A back bill is a bill sent by your energy supplier when you haven't been correctly charged for your energy use and you’re having to pay for the extra energy you’ve used but not paid for. If you send updated readings to your supplier after receiving an ‘estimated bill’, and the readings are higher than your energy supplier had estimated, your back bill will be higher than your original estimated bill. It's also possible that your direct debit might have been accidentally cancelled, so when your energy company notices the mistake and resolves it, your bill might be much higher. You might have been charged for the wrong meter. You might not have received a bill for a long time, because of a problem with your supplier’s system. In any case, you probably won't know what's going on until you receive a much bigger bill than usual.
The main rule is that you can't be charged for gas or electricity used more than 12 months ago if you've been incorrectly billed by the supplier. That means, for example, that if you receive a bill in September 2021 for energy you used before October 2020, you normally don’t have to pay it. This 12 month limit doesn’t apply if you've done something to prevent them from charging you correctly, for example stopped the energy company from coming and taking meter readings. If it's your fault the energy company has incorrectly charged you, then they can still collect their debt from over 12 months ago.
In 2020, the government brought in measures to stop vulnerable people having their energy cut off during lockdown. If you’re on a pre-payment plan, you can speak to your supplier about options to keep you supplied. If you're one of the 4 million people to benefit from this initiative, you probably know about it already - you might have had extra credit added to your account, had another person go to top up your card, or been sent a new topped up card.
Disconnection of credit meters has been completely suspended, so there is no chance you'll be cut off during the pandemic, unless the government changes its policy.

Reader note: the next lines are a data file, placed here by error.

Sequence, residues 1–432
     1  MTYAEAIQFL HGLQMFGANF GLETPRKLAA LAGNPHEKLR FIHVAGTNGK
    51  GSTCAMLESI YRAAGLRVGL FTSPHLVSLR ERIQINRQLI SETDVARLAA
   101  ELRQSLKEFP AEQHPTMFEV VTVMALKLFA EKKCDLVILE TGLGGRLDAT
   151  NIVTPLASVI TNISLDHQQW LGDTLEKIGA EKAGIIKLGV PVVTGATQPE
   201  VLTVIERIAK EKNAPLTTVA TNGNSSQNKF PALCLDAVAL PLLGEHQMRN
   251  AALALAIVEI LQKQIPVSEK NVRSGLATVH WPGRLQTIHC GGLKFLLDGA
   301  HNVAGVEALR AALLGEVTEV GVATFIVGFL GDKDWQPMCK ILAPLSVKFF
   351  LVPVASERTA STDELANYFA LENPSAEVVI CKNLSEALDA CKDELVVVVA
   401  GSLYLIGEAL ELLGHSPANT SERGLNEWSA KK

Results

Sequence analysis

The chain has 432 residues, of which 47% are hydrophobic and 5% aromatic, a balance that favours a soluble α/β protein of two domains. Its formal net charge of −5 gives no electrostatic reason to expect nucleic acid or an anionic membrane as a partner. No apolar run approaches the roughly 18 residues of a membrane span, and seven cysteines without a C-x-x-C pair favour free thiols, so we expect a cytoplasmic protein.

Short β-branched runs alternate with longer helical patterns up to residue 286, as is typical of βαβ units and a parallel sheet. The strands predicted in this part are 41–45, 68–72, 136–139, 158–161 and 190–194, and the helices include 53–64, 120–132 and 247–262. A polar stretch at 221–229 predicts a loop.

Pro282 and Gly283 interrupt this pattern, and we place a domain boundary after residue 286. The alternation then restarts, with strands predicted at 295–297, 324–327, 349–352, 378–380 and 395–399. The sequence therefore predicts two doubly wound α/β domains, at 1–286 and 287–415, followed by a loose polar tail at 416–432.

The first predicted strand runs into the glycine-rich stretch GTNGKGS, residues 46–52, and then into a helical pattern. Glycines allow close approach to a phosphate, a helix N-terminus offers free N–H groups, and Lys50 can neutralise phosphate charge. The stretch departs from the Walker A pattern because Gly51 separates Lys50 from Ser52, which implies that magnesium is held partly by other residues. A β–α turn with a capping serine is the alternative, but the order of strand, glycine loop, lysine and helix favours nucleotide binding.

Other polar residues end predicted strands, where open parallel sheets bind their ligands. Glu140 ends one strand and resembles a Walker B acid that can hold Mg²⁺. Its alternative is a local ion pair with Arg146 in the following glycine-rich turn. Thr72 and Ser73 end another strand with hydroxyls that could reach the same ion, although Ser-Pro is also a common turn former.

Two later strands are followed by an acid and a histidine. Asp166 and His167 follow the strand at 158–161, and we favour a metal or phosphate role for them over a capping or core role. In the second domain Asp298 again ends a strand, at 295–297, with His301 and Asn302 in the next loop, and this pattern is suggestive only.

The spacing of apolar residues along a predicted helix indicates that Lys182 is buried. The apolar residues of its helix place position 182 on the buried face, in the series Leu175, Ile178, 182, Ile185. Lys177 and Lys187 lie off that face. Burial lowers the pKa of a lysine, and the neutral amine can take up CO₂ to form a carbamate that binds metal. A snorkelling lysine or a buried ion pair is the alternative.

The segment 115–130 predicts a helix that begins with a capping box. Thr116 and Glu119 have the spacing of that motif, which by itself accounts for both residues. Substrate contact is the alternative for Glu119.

If you can't afford to pay for the energy you've used - if the bill is higher than normal for some legitimate reason - then talk to your supplier.
What must my supplier do before they cut me off?
Energy companies must not disconnect your house's electricity unless they have taken ‘all reasonable steps to get you to pay your bill.’ It's also worth noting that suppliers aren't allowed to disconnect you between 1 October and 31 March of any year if you're a pensioner, living alone or with children under 18. As part of the Safety Net scheme by Energy UK, the six main energy suppliers in the UK have also agreed that you can't be disconnected at any time of year ‘for reasons of age, health, disability or severe financial insecurity.’
If you can't come to an agreement to settle your debt, they can apply to court for a warrant to enter your home and force you to have a prepayment meter, or even cut off your supply. The supplier has to send you a notice telling you they're applying to court. You should do everything you can to come to an agreement with your supplier before the court date. If you don't contact them, you should attend the court hearing, when, again, you can try to come to an agreement. If the court gives the supplier a warrant, your supplier should send you a notice in writing 7 days before coming to your home to cut you off. If your meter is outside of your property, they don't need a warrant, but most suppliers will get a warrant anyway. Under Schedule 6 of the Electricity Act 1989, your supplier is allowed to disconnect your electricity if you haven’t made the relevant payments, but not if the bill is genuinely being disputed, and not unless they’ve given you 7 working days’ notice.
If you have a smart meter, you could be disconnected remotely, but first, your supplier must have contacted you to discuss options for settling your debt, and they must have visited your home to assess whether being disconnected is an option for you. It might not be, for instance, if you have a disability.